My sense is that the opposition’s neargasm at the news that Lara State’s wildly popular governor, Henry Falcón, is leaving Chávez’s party, is somewhat misplaced.
Don’t get me wrong, Henry Falcón is the most interesting politician in Venezuela today. An odd mixture of undoubted competence and hard-left roots, a chavista populist with a base of support all his own and an unparalleled willingness to stand up against Chávez’s authoritarian impositions, Henry Falcón is a cliché busting oddity in a political scene not known for producing them.
My sense is that Chávez has excellent reason to fear Falcón: a seasoned politician who’s hard to caricature and can draw passionate support from the chavista base, Falcón threatens Chávez’s hold on the country in a way that, say, Antonio Ledezma will never be able to.
Is news of his break from PSUV good for the opposition? Depends on who you mean by "the opposition". My sense is that a guy like Falcón is never in a million years going to join an opposition that holds its press conferences in La Castellana. Hell will be retrofitted as an LNG cryogenics plant before he shares a tarima with Cesar Pérez Vivas, Alfonso Marquina or Henry Ramos.
There are deep, tribal fissures at play here, so it’s not really a surprise Falcón bolted for PPT, a party that, much like Falcón himself, mixes a dreamy-eyed romantic’s infatuation with revolutionary-empowerment rhetoric with a basic unwillingness to take shit from Chávez. He’ll be like a fish in water with those guys.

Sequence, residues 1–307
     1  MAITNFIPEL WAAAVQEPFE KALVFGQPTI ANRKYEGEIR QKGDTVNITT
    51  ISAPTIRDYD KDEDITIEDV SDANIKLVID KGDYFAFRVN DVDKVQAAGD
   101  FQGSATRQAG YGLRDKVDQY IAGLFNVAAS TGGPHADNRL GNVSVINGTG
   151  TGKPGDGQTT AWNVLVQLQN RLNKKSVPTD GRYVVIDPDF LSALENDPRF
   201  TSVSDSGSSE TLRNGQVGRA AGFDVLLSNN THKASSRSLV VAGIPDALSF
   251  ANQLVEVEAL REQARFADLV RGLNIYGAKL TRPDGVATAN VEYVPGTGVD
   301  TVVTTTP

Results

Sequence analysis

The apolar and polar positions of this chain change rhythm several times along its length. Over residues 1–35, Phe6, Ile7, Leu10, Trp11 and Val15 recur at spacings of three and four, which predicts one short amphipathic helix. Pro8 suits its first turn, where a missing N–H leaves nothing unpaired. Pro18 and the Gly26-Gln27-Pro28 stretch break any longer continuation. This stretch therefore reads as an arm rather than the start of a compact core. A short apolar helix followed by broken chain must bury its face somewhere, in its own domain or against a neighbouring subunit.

Falcón owns his state’s electorate in a way few other governors do, so this definitely puts a few extra AN seats into play ahead of September’s legislative election.
But there are bigger implications as well, some of which nickname-bandit Kico Bautista gets to in the second-half of his TalCual column this week: could Falcón position himself to head a kind of dissident leftie third pole in Venezuelan politics over the coming years? One decidedly hostile to the old parties, bringing together the detritus left behind by Chavez’s repeated schisms and all those despairing at ever beating Chávez with an opposition brand that’s damaged beyond all repair? There’s no time for this to happen before September, but looking forward to 2012 the most probable thing is that who knows.
What’s clear is that, for years, polling has shown that disillusionment with Chávez translates not into support for the opposition, but into support for a-fresh-face-unsullied-by-connections-with-the-past-and-who’s-kind-of-like-the-old-Chávez-we-liked-but-not-at-all-like-the-new-scary-ranting-nutty-Chávez-we-have-now-and-who-is-not-a-sifrino-but-who-gets-things-done, please.
I’d always suspected that you’d have to go headhunting in Narnia to find this mythical beast. Turns out we just had to go to Barquisimeto.